Schwarzenegger brings glamour and a serious message to ‘Hopenhagen’

December 16, 2009 | 00:00

Schwarzenegger brings glamour and a serious message to ‘Hopenhagen’

Introduced yesterday at the Copenhagen climate talks as a ‘climate action hero’, the governor of California, Arnold Schwarzenegger, urged a select audience of delegates and journalists to recognise the role that ‘sub-national’ governments are playing in mitigating climate change. Calling on the UN to organise a climate change summit for regions, states and cities, he proclaimed: ‘80% of greenhouse gas mitigation will be done at the sub-national level.’

As the crucial second week of talks at the UN climate change talks in Copenhagen started to pick up momentum yesterday, movie star Arnold Schwarzenegger, now governor of California, caused a frisson when it was announced that journalists would need special tickets to hear him speak.

There are 3,500 journalists covering the climate talks. In a scene reminiscent of the old Keystone Cops movies, a substantial proportion of them rushed out of the media centre to get tickets – most of them going the wrong way. As they ran, bystanders asked where everyone was going, some even joining in the rush.

While there have been many famous people at the talks, with many more yet to arrive, not least over 115 heads of state and government, Schwarzenegger combines A-list celeb status with a record of real action in combating climate change, a case of life imitating art. As governor of California – on its own the world’s seventh-largest economy – he has implemented a string of innovative environmental policies that have been much admired, some of which are being copied elsewhere.

Introducing the session at which Schwarzenegger was to speak, Yvo de Boer, the Executive Secretary of the United Nations Framework Convention on Climate Change, said: ‘Ministers and leaders are assembling here in Copenhagen to give their definitive answer to climate change. And the world must take action now, next decade and into the middle of the next century to avoid the worst. Above all it must be implemented at the front line. And that means at the regional level and at the urban level. The governors and the premier that you will hear speak [at this session] have not waited for action at the national level, to move ahead. Up to now sub-national governments have been one of the prime drivers of climate change legislation at the national level.’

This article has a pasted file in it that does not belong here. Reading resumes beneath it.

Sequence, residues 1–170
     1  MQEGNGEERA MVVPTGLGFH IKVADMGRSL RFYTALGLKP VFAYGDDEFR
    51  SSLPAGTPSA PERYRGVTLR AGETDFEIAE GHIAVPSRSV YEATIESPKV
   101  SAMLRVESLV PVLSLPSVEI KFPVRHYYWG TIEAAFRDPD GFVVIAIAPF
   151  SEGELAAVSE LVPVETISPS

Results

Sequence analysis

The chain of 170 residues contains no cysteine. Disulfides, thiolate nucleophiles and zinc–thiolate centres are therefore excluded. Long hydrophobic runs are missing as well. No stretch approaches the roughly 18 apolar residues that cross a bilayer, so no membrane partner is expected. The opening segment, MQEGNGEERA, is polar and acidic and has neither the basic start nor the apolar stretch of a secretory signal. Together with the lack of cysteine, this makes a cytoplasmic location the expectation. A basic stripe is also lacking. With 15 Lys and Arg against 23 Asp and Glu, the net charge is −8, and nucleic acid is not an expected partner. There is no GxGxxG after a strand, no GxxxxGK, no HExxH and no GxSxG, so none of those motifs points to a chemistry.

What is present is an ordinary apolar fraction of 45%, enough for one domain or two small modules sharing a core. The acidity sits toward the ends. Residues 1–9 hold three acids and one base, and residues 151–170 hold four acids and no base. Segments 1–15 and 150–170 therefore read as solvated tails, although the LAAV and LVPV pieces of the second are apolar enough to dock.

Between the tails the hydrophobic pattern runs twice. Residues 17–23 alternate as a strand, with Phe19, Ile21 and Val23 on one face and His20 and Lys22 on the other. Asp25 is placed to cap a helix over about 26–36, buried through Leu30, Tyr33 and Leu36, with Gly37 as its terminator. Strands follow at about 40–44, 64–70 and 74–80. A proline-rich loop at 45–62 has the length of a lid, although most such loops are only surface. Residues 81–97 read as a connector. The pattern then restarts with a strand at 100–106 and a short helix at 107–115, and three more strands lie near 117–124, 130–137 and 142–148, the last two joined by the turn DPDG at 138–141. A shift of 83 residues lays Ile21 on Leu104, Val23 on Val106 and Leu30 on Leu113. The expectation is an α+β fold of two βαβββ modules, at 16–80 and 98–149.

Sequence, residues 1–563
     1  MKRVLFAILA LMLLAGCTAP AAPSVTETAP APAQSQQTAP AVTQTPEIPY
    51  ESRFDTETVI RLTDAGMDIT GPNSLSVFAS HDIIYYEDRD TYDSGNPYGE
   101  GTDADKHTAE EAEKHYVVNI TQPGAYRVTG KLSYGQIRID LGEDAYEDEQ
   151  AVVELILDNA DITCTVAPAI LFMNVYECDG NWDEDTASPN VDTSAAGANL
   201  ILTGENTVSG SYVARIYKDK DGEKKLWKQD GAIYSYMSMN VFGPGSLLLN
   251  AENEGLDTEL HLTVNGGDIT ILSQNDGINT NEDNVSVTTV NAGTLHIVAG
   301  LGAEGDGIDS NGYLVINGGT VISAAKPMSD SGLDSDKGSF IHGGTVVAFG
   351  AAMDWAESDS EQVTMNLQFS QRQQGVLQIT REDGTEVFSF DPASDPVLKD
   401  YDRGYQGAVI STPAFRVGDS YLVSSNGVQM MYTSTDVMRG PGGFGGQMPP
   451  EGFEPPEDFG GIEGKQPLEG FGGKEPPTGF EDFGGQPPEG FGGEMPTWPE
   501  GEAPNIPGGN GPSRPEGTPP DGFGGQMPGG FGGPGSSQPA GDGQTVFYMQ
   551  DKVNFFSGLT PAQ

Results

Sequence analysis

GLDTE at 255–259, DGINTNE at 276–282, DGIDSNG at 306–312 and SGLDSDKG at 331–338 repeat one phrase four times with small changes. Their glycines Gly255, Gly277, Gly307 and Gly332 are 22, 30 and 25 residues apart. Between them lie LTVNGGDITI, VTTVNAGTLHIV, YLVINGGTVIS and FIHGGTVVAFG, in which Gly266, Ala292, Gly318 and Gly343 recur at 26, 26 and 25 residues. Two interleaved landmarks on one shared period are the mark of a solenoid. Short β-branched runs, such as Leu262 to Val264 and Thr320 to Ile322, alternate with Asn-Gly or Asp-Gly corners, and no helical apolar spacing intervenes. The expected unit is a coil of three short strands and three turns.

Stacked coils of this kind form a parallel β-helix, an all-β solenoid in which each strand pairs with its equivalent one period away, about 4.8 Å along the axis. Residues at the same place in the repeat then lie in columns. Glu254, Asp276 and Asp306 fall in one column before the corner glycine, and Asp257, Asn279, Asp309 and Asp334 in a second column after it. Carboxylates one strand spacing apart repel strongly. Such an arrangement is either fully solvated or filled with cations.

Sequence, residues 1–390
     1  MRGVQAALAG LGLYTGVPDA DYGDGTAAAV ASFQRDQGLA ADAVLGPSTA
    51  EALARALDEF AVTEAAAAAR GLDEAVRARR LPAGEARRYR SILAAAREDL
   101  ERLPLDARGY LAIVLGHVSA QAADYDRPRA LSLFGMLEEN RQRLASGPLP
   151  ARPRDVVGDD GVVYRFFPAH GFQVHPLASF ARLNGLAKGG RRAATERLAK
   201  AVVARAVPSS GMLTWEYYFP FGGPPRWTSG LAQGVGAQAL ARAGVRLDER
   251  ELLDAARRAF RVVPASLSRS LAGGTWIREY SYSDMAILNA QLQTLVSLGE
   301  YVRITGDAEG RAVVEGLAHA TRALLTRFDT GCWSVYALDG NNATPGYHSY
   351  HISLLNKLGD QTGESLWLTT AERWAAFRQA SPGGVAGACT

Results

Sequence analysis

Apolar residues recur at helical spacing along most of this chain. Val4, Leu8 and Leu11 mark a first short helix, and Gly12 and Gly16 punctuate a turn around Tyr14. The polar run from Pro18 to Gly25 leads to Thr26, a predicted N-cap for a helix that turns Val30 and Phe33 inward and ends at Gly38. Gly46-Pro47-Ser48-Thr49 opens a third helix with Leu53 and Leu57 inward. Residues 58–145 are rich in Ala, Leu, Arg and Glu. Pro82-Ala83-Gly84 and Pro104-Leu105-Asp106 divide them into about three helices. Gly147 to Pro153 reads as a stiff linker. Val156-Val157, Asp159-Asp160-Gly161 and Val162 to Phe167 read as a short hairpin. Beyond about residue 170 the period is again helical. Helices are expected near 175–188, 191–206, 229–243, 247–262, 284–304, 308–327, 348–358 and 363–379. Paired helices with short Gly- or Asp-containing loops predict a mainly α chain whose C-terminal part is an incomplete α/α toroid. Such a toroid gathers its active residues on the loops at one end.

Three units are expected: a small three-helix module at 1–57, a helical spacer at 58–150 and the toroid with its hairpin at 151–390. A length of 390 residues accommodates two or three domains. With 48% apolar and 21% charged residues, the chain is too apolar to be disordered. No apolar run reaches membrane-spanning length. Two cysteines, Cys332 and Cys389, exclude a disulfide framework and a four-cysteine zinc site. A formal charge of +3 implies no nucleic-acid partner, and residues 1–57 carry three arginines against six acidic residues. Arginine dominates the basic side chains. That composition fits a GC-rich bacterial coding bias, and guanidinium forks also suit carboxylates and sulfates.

Schwarzenegger was quick to pick up this theme: ‘Certainly it would be terrific if the world’s governments reached an agreement and put hard caps on greenhouse gases, while generously helping poor nations, who are least responsible and are least able to respond to climate change. Attempting to reach such an agreement is very very important. But why do we put so many hopes and eggs in the national agreement basket? According to the UN itself, up to 80% of greenhouse gas mitigation will be done at the sub-national level ... The national agreements, critical as they are, will never do enough ... While national governments have been fighting over emission targets, sub-national governments have been adopting their own targets and laws and policies. While national governments have been trying for years to define what Kyoto means, businesses are pursuing cutting-edge technologies to solve energy and environmental problems ... I believe in the power of the cities and the states and the provinces to be the laboratories for new ideas, which the national governments can then go and study and adopt.’

Schwarzennegger added that California had been working with cities, states, provinces, regions and nations, in Mexico, Canada, Europe and China. It has also been working with the UN to assist developing countries, especially in Africa.

‘We in California do not believe [that] progress has to wait for Washington, or Beijing, or Kyoto. In California we are proceeding on renewable energy requirements, and a cap-and-trade system for greenhouse gases. If hydro is included we will get 45% of our energy from renewables in ten years from now. We are already at 27%. We are proceeding on the world’s first low-carbon fuel standards, and limiting greenhouse gas emissions from cars, which, by the way, the Obama administration has just adopted. We are proceeding in a major way with Greentech, no matter what happens in Washington or in Copenhagen. Billions of dollars, nearly 60% of all venture capital in America, flows to California. This is creating the critical mass of money and intellect to create new green technologies. Leaders from around the world are coming to California to see what we are doing.’

Schwarzenegger said he believed that technological and economic forces would overtake the political and regulatory efforts of national governments. ‘We are beginning one of history’s great transitions – the transition to a new economic foundation for the 21st century  and beyond. I would ask the UN to convene a climate summit, like Copenhagen, but for cities, for states, for provinces and for regions. And I would be more than happy to host such a summit in California. People like coming to California.’

Having delivered his serious message, the ‘governator’ did not disappoint his fans. ‘Thank you very much – and I’ll be back ...’

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